One subject that has been a focus of interest in my recent studies is sustainability. It is “on trend”, everybody speaks about it, but we should really stop and think about what the concept means to us.
We must start thinking about sustainable development in a deeper and broader way.
Many believe this deals only with energy efficiency, carbon emissions and eco materials, but in most cases it goes beyond that. Generally the bigger problem is with use.
There is a strong focus in ecomaterials, but in order to say a material is ecological we must analyze systems, because in the end, everything comes from nature.
In this realm I wanted to share a wonderful TED Talk by sustainability strategist Leyla Acaroglu, where she invites us to change our "environmental folklore", those preconceived ideas we have around sustainability that are not true, but are the concepts we apply when we try to do "the right thing".
What we need is a holistic, system’s view of sustainability, since the work we develop on each one of the systems affects the rest — everything is connected. Hence the importance of life cycle analysis, considering the extraction of raw materials, manufacturing, transportation, use and in this process, the product's environmental impact on every scale.
Beyond learning to analyze life cycles, what the design industry needs is a change of mindset: one that sees from a wide perspective and prepares to detect system failure.
It is not just to make us better at making things worse, the idea is to redesign the system.
We must identify the real problems and use them as the base to solve design concepts.
This will impulse behavior change in products, environment and people, tackling the issues globally with a design-lead system change.
Take the examples of the talk, the problems were not about technology or materials (the common concerns around sustainability). Instead I can identify concerns around shape, function and durability:
- Growing refrigerators = more food waste. (SHAPE)
The impact of this is crazy, 40% of fresh food is wasted from homes in the United States, an approximate of 1.3 billion tons of food. Of course it is not just about the shape of the fridge, we can't oversimplify the problem, but it does have a strong repercussion in the performance — we must understand that sometimes we don't need advanced sustainable technology, what we need is to reconsider aspects as fundamental as the size of products.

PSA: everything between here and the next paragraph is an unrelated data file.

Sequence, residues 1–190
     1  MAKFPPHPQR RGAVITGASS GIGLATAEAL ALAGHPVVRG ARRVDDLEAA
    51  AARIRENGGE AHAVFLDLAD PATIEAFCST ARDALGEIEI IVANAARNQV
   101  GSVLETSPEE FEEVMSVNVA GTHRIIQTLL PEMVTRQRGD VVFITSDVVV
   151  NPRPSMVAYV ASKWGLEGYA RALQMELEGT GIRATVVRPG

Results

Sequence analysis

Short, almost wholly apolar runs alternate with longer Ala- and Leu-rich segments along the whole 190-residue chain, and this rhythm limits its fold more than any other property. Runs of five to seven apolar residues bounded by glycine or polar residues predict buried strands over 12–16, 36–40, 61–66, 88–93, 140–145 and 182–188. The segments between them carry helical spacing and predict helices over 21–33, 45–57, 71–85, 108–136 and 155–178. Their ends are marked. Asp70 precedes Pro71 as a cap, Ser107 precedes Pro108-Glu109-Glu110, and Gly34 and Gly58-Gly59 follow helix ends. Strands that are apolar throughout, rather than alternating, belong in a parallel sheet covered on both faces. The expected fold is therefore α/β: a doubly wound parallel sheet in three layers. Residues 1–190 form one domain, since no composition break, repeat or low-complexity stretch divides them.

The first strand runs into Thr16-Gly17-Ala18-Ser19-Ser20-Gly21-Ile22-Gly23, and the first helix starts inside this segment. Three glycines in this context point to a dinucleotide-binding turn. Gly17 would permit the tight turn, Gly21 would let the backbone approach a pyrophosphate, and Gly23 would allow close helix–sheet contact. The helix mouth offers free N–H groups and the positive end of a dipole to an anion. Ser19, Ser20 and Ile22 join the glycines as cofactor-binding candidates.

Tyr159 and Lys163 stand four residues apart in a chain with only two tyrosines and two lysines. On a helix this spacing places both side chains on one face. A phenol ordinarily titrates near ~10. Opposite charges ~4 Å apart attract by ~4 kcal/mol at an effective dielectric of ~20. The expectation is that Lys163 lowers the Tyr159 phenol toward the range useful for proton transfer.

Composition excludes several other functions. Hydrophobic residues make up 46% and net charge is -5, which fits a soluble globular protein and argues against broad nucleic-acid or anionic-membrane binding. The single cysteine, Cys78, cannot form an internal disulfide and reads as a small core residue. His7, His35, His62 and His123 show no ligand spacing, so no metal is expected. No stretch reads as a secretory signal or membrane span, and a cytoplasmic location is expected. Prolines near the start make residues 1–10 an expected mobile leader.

2. The Electric tea kettle (FUNCTION)
We all know british are a strong fans of tea, it is a population where about 97% of the people own an electric kettle in their home.
The problem? People over fill their kettles because it is designed for heating 2 - 5 cups of water, when they just needed one. Extra water requires extra energy, and in this case it is equivalent to lighting all of the street lights for a night.
This is why we have to consider the global impact of all the people that will use the product — a small waste is a huge waste altogether.
From this example I realized two important aspects to bear in mind:
- Optimize the servings for different customer needs (options from minimum to maximum).
- Reconsider how we design things to diminish waste in the usage.
This also applies to the crisper drawer example: a drawer that does not actually get things crisp, and as a result, a ton of lettuces end up in the trash. There is so much design can do when we consider the macro aspects of design features.
As Acaroglu affirms, functionality determines environmental impact. It is all about application.
3. Cell phone production (DURABILITY)
With a world population of 7 billion persons, there is a production of 1.5 billion cellphones every year. It is insane, to a point it is considered a bigger rate of production than birth rate.
What are we going to do with all of these cell phones getting discarded every few years? Only 11% of them are being recycled.
The problem is very complex, but I think one of the basic issues in design is planned obsolescence. The industrialization process has impulsed our development immensely, but a production of this level within a market that promotes a throw-away habit is killing us.
We need to make durability sexy again and design objects with the idea of being reused.
As Dieter Rams states:
We must think of every object next to its larger concept, and most importantly, we must realize that everything we design ends up somewhere.
We have to think about the ramifications of the choices we make.
As designers, we need to be conscious about this and take it as a responsibility. It is not just about using green materials or getting a LEED certificate. It is not optional, or a bonus feature, we should care.